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Returning to Activity after a Pandemic

Stay safe returning to exercise

The COVID-19 pandemic changed a lot, including our exercise habits. Between stay at home
orders, gym closures and working from home, activity levels dropped. On top of all that, there
were shortages of equipment like dumbbells and bicycles, making staying active difficult even if
you wanted to.

But things look quite a bit different this summer. Vaccines are widely available, restrictions are
loosening and people are looking to get active and enjoy the warm weather. But if you had a
long break from activity, your body won’t be ready to jump right back in. Here are a few tips to
help you get more active without getting hurt:

Start Slow

  • If you’re a runner, think about a walk to run program
  • If you’re a weight lifter, start with lighter weights and less reps.
  • Whatever your activity of choice is, start with short periods of activity and gradually work your way back up.

Warm up and cool down
A good warm up gets your heart and lungs ramped up and prepares your muscles and tendons
for the increase in activity about to come. Include some light cardio like jogging, calisthenics, or
cycling, followed by active stretching like butt kicks, high knees, or yoga.
Cooling down transitions your body back to a lower state of stress – it brings your heart rate and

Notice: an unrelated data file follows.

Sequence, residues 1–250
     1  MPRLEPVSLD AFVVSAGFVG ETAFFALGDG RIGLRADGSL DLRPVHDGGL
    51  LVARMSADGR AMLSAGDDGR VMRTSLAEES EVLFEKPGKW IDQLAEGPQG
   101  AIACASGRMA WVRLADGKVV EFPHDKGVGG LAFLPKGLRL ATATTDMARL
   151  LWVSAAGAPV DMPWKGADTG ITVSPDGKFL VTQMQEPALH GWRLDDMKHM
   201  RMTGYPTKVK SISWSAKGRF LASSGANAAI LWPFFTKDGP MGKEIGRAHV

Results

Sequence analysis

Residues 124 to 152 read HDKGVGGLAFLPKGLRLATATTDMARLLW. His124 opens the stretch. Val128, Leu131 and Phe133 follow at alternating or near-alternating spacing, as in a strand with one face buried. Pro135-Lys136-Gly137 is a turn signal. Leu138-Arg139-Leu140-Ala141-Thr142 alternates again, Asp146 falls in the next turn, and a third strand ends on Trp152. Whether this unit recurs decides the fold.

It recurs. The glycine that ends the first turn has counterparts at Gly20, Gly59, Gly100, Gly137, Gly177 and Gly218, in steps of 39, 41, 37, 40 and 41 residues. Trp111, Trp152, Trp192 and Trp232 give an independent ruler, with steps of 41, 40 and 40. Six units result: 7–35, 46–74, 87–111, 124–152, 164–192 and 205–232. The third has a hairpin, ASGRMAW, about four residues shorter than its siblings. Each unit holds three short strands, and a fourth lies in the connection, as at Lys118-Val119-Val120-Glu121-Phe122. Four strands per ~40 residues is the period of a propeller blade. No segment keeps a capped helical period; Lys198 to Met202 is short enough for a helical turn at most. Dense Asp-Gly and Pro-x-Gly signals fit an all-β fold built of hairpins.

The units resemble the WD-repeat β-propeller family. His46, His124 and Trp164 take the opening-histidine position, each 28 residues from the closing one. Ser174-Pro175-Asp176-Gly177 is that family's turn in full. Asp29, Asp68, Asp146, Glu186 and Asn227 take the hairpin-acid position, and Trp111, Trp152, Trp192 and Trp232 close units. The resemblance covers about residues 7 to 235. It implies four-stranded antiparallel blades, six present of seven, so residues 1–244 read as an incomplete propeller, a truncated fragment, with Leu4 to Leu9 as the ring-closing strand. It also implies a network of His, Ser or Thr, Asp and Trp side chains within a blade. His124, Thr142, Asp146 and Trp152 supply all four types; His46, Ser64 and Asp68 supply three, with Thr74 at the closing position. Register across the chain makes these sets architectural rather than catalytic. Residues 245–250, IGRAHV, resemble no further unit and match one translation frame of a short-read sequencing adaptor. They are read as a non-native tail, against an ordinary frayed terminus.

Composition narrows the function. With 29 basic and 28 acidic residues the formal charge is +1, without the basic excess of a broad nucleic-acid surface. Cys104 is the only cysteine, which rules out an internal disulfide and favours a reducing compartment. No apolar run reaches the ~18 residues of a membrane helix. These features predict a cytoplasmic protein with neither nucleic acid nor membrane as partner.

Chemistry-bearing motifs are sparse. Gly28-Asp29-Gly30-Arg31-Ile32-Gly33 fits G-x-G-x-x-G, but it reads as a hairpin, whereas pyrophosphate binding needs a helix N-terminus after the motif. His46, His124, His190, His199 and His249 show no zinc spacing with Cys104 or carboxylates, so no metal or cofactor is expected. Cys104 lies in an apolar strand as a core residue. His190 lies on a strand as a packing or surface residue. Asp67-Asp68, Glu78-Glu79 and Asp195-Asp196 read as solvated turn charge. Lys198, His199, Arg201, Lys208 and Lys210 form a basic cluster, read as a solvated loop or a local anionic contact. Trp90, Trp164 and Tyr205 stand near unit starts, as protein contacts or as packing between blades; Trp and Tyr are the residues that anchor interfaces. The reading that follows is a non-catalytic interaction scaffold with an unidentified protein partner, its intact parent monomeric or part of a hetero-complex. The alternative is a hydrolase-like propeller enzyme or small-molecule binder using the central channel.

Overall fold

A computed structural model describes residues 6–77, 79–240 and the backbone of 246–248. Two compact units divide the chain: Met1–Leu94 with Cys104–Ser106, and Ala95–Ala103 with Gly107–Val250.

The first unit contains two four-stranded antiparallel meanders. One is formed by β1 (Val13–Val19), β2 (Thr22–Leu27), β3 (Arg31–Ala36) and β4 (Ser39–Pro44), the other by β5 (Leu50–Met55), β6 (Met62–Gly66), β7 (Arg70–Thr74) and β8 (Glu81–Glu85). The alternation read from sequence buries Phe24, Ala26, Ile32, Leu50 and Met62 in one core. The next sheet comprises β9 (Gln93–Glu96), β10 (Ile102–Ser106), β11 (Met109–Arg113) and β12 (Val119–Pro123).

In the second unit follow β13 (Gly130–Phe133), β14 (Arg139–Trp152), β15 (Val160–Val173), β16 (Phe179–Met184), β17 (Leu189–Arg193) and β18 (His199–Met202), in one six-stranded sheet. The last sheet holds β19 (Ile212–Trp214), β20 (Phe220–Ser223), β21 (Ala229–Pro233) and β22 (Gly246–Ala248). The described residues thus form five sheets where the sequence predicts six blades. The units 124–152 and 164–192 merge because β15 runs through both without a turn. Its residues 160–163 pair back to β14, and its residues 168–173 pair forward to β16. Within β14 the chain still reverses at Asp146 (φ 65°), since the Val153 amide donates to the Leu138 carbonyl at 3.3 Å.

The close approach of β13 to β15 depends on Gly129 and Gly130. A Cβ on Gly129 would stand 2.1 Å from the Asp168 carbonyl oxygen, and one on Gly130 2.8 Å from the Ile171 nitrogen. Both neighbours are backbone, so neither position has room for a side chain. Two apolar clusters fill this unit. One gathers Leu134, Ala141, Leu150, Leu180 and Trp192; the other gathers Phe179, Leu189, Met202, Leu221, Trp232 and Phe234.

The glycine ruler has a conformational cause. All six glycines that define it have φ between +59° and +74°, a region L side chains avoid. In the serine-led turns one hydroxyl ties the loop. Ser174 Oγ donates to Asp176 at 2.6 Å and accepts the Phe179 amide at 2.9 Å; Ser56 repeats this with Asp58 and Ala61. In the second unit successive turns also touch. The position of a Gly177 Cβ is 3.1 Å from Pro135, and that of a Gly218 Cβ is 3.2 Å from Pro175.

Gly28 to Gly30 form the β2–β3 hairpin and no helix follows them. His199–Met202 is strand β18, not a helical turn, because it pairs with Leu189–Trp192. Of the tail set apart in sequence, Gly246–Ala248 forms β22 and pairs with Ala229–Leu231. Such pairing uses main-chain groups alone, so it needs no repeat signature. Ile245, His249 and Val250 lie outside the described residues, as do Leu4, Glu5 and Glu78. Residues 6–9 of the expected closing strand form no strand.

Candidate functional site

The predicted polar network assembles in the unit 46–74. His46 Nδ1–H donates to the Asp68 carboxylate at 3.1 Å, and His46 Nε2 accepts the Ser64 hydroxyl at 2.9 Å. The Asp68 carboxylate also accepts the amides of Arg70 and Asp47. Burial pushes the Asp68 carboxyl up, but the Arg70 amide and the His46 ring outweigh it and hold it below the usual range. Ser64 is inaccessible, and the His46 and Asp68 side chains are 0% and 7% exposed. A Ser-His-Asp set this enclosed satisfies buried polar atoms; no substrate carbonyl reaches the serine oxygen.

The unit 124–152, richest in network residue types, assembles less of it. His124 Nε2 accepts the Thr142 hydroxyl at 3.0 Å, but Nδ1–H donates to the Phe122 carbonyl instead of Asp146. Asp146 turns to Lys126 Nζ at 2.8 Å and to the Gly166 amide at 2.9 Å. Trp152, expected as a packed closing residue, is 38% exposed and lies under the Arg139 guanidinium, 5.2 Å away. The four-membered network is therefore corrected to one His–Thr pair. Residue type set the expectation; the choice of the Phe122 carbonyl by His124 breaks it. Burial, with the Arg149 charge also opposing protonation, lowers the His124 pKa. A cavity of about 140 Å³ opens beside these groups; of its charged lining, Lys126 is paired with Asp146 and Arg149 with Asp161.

breathing down, decreases blood flow to your muscles and back to places like your digestive
system, and helps you relax. It’s also a great place for static stretches if you need some work on
your flexibility.

Take a day off
Rest days let your body recover and keep you from getting burned out. Not enough exercise
isn’t good for you, but too much of a good thing can cause problems too.

Watch for early signs of injury
Some soreness for a few days after activity is normal, especially if you’ve had a long break. But there are a few common issues to watch out for as you return to activity:

  • Swelling or bruising
  • Joint pain, especially in the knees or shoulders
  • Foot pain, which could be a sign of plantar fasciitis
  • Muscle strains – these are particularly common in the hamstrings
  • Sprains – most common in the ankle

Any of these issues justifies a call to your physical therapist. Getting checked out early can
prevent an injury that derails your attempt to return to activity. PTs see all of the issues above
on a regular basis and can help safely guide you back into a more active lifestyle.

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doer of amazing things

Burke Selbst PT OCS gcfp

Lover of all things movement. Inspired by success stories great and small and coming back stronger.

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